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A homeless man sleeps under a sleeping bag as Homeless Outreach employee Dustin Francis checks on him along Manhattan's Franklin Roosevelt Drive in New York .

Homelessness has always been a source of vexation for the political leaders of New York, the dark side of the promise that has lured millions of people here over the years in search of prosperity.

Former mayor Ed Koch tried to buy the Gibber Hotel in the Catskill Mountains during the late 1980s, in an ill-fated attempt to ship 600 homeless men out of Manhattan. When Rudy Giuliani ruled the city, he took a tougher approach, using police sweeps to arrest some of the homeless and force others into shelters. Now it is Michael Bloomberg's turn to get creative.

Stymied in his attempt to convert a Bronx jail into a shelter, and faced with a homelessness crisis that has been exacerbated by the economic downturn, Mayor Bloomberg has hit upon a novel way to get people off the streets: He's buying them tickets.

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Since 2007, the city has quietly arranged airfare or bus tickets - one-way - for 550 homeless families. They have been sent as far away as India, Russia and Peru, although the bulk have been dispatched southward, to Florida and Puerto Rico. Recipients must demonstrate they have a family somewhere that is willing to take them in, and they are free to choose whether they want to participate in the program.

Critics have derided the plan as both desperate and reckless, one that exposes the collective failure of several administrations to deal with the problem through sensible policies. Moving homeless people out of the state merely transfers the problem to another jurisdiction, without any guarantee that they will fare better elsewhere, they say.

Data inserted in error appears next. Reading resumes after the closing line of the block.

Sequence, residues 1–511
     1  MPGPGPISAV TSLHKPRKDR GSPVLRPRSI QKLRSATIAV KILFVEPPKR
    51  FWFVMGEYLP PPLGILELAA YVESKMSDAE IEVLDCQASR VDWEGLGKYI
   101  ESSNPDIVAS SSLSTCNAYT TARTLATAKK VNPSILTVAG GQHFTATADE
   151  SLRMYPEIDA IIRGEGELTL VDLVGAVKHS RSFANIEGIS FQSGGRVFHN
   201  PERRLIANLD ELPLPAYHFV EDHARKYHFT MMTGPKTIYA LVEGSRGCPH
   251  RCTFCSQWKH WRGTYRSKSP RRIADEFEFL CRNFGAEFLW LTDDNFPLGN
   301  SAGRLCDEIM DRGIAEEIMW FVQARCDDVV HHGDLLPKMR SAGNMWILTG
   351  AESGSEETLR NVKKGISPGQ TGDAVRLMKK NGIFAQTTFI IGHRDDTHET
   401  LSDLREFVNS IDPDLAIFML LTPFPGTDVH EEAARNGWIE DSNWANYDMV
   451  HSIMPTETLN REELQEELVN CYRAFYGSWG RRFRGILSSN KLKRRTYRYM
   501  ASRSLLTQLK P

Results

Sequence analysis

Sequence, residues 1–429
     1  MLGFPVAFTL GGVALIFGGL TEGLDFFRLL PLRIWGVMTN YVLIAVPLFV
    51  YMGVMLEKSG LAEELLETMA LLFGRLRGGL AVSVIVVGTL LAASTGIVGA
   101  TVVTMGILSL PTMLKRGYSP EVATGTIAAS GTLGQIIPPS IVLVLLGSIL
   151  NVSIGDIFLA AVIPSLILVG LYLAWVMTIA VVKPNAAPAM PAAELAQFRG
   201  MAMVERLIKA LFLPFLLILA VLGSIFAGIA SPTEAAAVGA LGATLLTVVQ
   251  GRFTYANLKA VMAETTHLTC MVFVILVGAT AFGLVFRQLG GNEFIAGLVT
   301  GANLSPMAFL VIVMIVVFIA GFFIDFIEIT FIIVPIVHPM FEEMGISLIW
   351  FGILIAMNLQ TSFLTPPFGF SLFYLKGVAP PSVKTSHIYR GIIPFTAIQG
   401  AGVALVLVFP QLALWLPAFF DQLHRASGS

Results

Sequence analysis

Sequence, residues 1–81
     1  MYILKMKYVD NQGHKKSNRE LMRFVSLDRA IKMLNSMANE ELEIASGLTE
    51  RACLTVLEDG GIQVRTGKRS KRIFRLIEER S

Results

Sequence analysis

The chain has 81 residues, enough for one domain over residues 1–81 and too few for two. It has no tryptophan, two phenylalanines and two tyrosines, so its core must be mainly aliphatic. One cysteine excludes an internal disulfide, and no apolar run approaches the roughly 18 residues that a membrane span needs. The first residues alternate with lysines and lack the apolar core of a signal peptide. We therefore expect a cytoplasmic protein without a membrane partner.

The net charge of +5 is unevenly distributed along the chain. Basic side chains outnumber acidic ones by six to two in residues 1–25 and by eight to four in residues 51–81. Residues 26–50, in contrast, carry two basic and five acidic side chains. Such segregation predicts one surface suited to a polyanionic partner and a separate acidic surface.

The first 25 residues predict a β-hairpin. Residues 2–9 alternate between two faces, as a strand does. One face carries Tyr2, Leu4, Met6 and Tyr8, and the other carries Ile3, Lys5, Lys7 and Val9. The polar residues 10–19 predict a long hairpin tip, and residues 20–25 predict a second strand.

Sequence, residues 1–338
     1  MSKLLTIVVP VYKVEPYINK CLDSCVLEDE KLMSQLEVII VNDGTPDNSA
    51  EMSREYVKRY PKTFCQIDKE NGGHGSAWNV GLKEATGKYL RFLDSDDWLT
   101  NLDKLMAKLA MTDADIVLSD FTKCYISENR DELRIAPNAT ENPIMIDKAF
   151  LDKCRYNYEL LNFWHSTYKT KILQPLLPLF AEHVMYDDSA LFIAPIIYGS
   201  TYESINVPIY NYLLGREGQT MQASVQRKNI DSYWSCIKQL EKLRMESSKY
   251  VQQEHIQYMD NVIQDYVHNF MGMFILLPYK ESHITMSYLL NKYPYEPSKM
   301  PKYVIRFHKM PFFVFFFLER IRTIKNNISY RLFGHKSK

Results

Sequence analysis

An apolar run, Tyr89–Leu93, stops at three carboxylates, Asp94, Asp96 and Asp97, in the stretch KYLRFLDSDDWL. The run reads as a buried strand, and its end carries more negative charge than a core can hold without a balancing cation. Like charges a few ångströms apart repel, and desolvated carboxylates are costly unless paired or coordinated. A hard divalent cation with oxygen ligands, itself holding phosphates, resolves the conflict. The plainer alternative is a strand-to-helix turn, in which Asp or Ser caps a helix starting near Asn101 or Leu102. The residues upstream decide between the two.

"We're pretty convinced this is a cosmetic gesture more than anything," said Scott Cotenoff, a senior vice-president at the Partnership for the Homeless.

Mayor Bloomberg, however, insisted Wednesday that the process of moving the homeless will save the city significant money.

"I don't know, when they get to the other places, whether they find jobs," he said in an appearance at City Hall. "We either have two choices. We can do this program or pay an enormous amount of money daily to provide housing."

According to New York officials, it costs $36,000 (U.S.) a year to house someone without shelter: far greater than the cost of airfare for a family. Practically speaking, however, relocation in itself is powerless to address the magnitude of New York's homeless problem. Almost 36,000 people in the city are without shelter, and of this number, more than 15,000 are children, according to government statistics.

The idea of moving the homeless is not new, nor is it confined to the United States. Alberta and British Columbia are among provinces that have used free bus tickets in the past to rid themselves of homeless citizens - a practice known as "Greyhound therapy."

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Hawaii lawmakers proposed a plan this year to fly homeless residents to the mainland, but it was rejected. The state has estimated that 40 per cent of its homeless are from other places, but have been drawn there in part because of the clement weather.

The roots of New York's homeless population stretch back much further, abetted by the city's status as a beacon for those looking to carve out a better life. The country's first homeless shelter, the New York City Rescue Mission, was founded here in 1872, while the down-and-outs who dwelled in the Bowery made it America's most visible skid row.

Over the intervening decades, the problem has intensified in lockstep with a swelling population and rising housing costs. Homelessness soared during the recession of the 1980s, and it threatens to do so again. According to data compiled by the Coalition for the Homeless, the souring economy helped push almost 110,000 people into city shelters last year.

The group has been a vocal critic of the mayor's five-year plan to attack homelessness, and claims there are now 5,000 more families in shelters than when he took office.

Mr. Bloomberg has adopted other controversial measures recently to reduce the number of people on the streets and cut down on the cost of sheltering them. In May, the city reportedly began charging some families who stayed in shelters.

And on Tuesday, the city implemented new rules that will enable it to evict shelter residents for an expanded range of transgressions, including breaking curfew, according to the New York Times, which first reported Mr. Bloomberg's ticket giveaway.

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